For the last two weeks I busily worked on a new addition to Domain Pigeon that would let visitors sort the domain names by pronounceability, as determined by folks on Mechanical Turk. I was excited. It was an innovative way to help people find great domain names and it gave me an excuse to post another link to it on HackerNews.

And so, on Monday morning I posted it on HackerNews: Finding Great Domain Names using Mechanical Turk.

I eagerly awaited feedback, refreshing the comments every few minutes.

Well, things did not go as planned. You know that feeling you get when you take a test and you’re so sure that you got an A that you tell everyone how well you did, but when you get it back you find out that you actually got a D? That was Monday, kind of.

In this case, it was more like the teacher couldn’t grade the test because he couldn’t read your handwriting.

Here’s a snapshot of the comments:

Matt, your site is crawling

I have to say that if this weren’t HN, your site was posted, and it timed out, I would never come back again. I mean no disrespect; I really like your idea, but going to a site these days and timing out makes the company look like it runs out of a cardboard box with a 2400 baud modem.How many people trust their credit card information to a site with slow response times.

DreamHost? Uh oh… Methinks you aren’t getting 1/1,000th of the hits you could be. DreamHost = dog slow with two concurrent connections to a fairly light rails app, in my experience. Please tell me you’re running a VPS with them or something. You might want to consider switching hosts before you lose anymore of these hits.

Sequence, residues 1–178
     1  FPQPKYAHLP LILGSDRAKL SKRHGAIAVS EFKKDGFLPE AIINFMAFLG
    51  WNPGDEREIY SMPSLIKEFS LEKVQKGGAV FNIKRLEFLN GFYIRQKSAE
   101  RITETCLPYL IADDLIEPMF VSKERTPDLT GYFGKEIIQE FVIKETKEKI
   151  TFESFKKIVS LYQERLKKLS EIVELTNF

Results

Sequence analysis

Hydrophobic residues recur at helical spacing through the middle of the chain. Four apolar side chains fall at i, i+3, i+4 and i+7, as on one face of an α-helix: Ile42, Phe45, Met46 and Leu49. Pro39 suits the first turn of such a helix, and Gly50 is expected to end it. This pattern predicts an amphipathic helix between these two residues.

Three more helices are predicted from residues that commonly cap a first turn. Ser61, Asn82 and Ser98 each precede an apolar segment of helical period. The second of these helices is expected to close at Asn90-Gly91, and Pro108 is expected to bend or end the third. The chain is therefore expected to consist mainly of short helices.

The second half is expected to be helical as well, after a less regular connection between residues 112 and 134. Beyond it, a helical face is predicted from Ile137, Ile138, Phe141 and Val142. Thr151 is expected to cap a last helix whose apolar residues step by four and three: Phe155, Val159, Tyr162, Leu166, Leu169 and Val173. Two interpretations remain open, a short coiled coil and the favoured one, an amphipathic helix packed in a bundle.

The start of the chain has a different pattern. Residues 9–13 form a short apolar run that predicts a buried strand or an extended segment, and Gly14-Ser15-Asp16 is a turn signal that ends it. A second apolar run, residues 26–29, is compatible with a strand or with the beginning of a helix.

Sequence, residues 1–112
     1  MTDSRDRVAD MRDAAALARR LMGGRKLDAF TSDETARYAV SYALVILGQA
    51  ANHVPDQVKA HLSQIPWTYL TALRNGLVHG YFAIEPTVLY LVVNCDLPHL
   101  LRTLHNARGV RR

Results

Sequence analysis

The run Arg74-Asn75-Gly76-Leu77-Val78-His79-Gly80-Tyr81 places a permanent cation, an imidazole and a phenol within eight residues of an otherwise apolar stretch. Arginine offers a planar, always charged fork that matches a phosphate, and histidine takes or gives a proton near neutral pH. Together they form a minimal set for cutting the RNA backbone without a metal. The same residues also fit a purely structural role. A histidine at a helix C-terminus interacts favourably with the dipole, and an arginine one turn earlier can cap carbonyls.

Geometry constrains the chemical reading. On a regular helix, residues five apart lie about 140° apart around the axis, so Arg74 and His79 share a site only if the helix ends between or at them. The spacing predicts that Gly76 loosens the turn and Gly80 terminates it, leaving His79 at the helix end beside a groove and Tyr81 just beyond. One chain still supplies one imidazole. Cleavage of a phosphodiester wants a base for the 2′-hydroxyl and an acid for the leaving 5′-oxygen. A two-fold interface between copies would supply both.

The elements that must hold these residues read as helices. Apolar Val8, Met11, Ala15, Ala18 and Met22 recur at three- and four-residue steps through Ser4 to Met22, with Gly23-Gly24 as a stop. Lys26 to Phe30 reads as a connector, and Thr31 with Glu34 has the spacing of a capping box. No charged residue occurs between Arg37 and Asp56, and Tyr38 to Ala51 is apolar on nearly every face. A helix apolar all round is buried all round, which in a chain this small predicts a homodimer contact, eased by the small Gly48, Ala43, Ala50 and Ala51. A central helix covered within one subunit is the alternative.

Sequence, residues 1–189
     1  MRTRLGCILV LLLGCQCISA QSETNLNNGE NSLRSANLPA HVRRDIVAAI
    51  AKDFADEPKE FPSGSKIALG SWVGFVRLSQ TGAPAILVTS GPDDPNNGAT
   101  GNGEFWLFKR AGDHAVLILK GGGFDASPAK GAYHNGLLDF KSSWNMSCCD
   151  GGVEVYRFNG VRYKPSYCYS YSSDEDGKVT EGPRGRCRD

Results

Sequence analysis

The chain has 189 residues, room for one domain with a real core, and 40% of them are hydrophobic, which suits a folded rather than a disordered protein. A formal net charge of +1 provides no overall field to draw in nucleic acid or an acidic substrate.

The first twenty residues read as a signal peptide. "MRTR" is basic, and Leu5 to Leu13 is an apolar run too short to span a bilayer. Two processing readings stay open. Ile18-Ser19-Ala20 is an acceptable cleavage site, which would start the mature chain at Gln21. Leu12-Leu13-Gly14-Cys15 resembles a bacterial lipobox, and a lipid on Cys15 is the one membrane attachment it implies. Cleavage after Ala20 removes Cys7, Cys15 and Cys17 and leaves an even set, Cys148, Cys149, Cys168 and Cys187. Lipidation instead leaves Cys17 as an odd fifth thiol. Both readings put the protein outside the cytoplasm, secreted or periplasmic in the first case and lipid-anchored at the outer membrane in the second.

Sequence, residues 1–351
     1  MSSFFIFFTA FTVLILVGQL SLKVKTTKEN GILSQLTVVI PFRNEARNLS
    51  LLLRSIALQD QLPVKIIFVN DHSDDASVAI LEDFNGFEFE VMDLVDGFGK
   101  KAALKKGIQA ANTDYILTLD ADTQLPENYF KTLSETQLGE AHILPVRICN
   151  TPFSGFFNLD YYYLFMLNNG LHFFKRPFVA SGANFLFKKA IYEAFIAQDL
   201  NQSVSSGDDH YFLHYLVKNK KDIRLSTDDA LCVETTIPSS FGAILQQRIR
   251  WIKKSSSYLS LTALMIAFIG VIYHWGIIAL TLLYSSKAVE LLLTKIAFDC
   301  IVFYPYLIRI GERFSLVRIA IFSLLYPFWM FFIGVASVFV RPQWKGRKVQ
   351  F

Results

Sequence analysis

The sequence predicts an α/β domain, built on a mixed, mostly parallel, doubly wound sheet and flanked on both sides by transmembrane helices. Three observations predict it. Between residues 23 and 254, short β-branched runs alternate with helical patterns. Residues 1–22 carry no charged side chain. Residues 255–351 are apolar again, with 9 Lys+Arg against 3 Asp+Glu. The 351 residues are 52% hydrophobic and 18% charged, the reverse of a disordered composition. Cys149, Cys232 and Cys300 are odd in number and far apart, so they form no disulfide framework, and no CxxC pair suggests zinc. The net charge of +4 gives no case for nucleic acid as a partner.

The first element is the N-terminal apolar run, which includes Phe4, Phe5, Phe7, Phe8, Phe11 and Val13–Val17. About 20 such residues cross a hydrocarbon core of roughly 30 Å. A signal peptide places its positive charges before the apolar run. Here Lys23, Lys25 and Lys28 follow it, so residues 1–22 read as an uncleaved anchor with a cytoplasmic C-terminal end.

The “guest” links don’t work.

For me, I tried to follow the link for domain names sorted by pronouncability and they did not work. I assume this is what OP meant.link href:

http://www.domainpigeon.com/domains?length=6&sort_by=pro…

error:

Oops! That Page Doesn’t Exist

You may have mistyped the address or the page may have moved.

Please contact support@domainpigeon.com if you have any questions or concerns.

Just clicked the register link [https://www.domainpigeon.com/users/register], got “Internal server error” with a load of info and a backtrace, which I imagine you don’t want to display.

Ugh. Domain Pigeon wasn’t loading for a lot of people and for those that were lucky enough to get through, it was about as slow as me picking up country line dancing.

A few hours later I received the following email, which really drives home the impact it was having:

I hate it when that happens…

I had come back from PayPal and clicked the complete order link, when I
got the Passenger error screen.  (Probably a security hole, too.)

Did I actually pay or not?

Thanks

The worst part was that it was probably avoidable. At first I blamed the problems on the heavy traffic and using a shared host, but I later discovered that the likely culprit was a 238 MB log file which I had been remiss in clearing.

In total I got 2 sign ups on Monday and 1 on Tuesday, just enough ($120) to cover the costs of the Mechanical Turk experiment ($106).

I can’t help but think about how many it would have been if the site had worked well.